Iraq

Distress continues for Iraqi refugees

More than 1.8 million people have fled their homes in Iraq because of attacks by the terrorist organisation Isis. Almost half of the refugees are school-aged children. Of these domestic refugees, 860 000 have relocated to the Kurdistan region in Iraq.

The metropolis of Erbil and its suburb Ankawa, populated by Christians, has received 35 000 domestic refugees. Fida's partner church in Ankawa has organised beds for hundreds and meals for thousands of people.
Soon it will be winter in Kurdistan, when temperatures can drop to several degrees below zero. Strong winds and rain are a threat to families living in unfinished buildings and tent villages.
Pastor Ghassan says that even a pastor is sometimes left without words when faced with these sad fates.

  • One lady lost her two-month-old baby to dehydration during their escape. What can one say in that situation? I can only pray, Pastor Ghassan sighs.

"We had no time to be scared"

In one of the rooms of a house rented by the church, a family of five sits on mattresses on the floor. A ten-year-old girl feeds her baby sister from a bottle. The baby was only five days old when the family learned that the father's name was at the top of the execution list of Isis.

  • We had no time to be scared. I had just come home from the hospital with our newborn baby. My only thought was that we must get the children away quickly, the shocked mother recalls.

  • Everything we have, clothes and food, we have received from the church. We are sisters and brothers; the church is our family, the grateful father comments.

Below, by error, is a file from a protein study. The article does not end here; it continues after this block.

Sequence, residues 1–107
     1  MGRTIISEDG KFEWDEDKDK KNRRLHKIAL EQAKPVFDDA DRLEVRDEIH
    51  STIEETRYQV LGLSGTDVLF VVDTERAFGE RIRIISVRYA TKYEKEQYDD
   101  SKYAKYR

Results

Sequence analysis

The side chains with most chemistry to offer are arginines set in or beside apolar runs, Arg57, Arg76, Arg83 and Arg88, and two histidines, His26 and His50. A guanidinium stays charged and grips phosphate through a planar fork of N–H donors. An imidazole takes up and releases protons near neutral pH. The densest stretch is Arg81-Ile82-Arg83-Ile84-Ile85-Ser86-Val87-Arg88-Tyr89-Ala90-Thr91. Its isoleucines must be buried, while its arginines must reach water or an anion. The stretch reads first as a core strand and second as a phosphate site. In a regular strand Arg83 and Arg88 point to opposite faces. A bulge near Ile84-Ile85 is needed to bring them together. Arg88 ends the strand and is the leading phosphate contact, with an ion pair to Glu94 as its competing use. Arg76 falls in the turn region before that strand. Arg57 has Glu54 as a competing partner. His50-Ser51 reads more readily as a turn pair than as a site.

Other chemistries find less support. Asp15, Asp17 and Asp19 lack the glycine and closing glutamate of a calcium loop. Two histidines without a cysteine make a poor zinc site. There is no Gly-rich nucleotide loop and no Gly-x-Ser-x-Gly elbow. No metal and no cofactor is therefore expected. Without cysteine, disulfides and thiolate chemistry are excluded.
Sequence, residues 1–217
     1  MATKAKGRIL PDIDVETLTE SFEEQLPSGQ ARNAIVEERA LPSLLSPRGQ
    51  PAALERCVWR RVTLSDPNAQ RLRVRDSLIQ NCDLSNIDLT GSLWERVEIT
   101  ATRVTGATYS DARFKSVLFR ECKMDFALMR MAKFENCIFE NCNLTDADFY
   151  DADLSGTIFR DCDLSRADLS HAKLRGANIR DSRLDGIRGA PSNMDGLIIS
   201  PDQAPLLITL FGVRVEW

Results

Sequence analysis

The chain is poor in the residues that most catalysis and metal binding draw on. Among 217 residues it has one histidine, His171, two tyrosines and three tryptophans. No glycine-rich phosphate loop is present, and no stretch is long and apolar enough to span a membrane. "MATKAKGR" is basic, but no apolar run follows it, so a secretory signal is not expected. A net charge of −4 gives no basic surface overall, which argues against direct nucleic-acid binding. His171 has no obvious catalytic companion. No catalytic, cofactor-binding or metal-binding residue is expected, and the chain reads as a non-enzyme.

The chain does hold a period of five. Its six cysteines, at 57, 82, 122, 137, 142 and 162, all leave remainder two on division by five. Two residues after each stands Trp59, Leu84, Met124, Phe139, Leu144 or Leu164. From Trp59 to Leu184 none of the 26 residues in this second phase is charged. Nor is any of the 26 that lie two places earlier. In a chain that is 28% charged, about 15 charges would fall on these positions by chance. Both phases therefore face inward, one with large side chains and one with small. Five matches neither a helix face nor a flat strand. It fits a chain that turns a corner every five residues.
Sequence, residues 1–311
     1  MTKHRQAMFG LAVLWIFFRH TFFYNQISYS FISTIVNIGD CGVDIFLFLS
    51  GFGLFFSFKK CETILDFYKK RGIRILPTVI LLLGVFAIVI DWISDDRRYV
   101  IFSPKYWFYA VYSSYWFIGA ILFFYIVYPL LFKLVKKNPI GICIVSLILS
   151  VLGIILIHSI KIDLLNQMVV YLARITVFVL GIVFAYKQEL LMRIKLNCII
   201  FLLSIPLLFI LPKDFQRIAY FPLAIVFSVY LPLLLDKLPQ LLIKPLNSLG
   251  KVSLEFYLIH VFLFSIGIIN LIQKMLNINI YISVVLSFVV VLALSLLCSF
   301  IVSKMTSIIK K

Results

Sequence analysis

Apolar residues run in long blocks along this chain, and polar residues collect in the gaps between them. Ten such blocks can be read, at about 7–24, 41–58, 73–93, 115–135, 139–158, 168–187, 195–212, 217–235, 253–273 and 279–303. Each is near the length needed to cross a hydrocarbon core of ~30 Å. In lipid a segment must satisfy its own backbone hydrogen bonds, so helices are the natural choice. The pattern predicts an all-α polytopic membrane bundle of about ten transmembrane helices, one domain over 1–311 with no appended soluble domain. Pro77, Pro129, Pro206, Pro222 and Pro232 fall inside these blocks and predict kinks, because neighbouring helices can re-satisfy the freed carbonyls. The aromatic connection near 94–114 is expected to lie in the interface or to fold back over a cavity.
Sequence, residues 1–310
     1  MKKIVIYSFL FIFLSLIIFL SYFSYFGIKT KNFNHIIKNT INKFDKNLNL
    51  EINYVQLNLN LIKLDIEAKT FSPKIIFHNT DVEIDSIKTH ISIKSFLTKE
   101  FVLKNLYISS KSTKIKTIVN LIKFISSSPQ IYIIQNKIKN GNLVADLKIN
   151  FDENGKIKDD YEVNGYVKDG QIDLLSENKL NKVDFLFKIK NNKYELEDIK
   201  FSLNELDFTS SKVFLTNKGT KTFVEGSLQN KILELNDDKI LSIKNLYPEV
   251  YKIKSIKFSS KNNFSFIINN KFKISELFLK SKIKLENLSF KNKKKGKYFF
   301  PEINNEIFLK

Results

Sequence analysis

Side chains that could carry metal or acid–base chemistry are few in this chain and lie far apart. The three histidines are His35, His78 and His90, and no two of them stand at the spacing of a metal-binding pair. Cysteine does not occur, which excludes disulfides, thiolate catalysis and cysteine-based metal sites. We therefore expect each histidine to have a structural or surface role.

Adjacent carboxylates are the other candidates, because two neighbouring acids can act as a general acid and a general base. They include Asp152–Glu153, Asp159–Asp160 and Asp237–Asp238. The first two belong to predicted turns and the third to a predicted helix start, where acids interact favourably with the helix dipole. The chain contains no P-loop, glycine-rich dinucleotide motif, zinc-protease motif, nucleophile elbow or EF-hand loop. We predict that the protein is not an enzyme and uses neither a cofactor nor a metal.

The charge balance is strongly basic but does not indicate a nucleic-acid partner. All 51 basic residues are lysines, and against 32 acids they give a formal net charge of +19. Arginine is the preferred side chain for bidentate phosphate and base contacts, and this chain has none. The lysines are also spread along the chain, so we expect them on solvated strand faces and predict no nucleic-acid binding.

The family was first housed in the chruches facilities. Now they are living in a house rented by the church, together with 13 other families.

  • We are quite stressed. We cannot return home and do not know what is going to happen. You cannot take anything for granted, the mother sighs in desperation.

Comforted by the message of hope

Many had to flee so quickly that they do not have their personal papers, or educational or occupational documents which would be needed to look for work.
Erbil already suffers from a high unemployment rate. With the crisis, many investors have left the city, which complicates the unemployment problem and increases the rents.

  • Many evacuees would like to leave Iraq altogether. They cannot see any future for their families in this country, Ghassan worries.
    Amidst the great human needs and challenges, the pastor sees an opportunity for the changing power of the church's message of hope.

  • We do not wish to just give out things to people. We wish to love people, and live by their side. People are looking for safety, so the churches now really have to provide safe havens.

Fida continues to support the churches aid work with donations.

This is how Fida and PMU Interlife help in Iraq:

  • Approximately 500 people have been provided with temporary housing.

  • Thousands have received food, clothing, blankets and medications.

  • 1200 families receive regular food aid.

  • The need for psychosocial support is enormous.

Photo and interview: Noomi Lind/ PMU Interlife / Sweden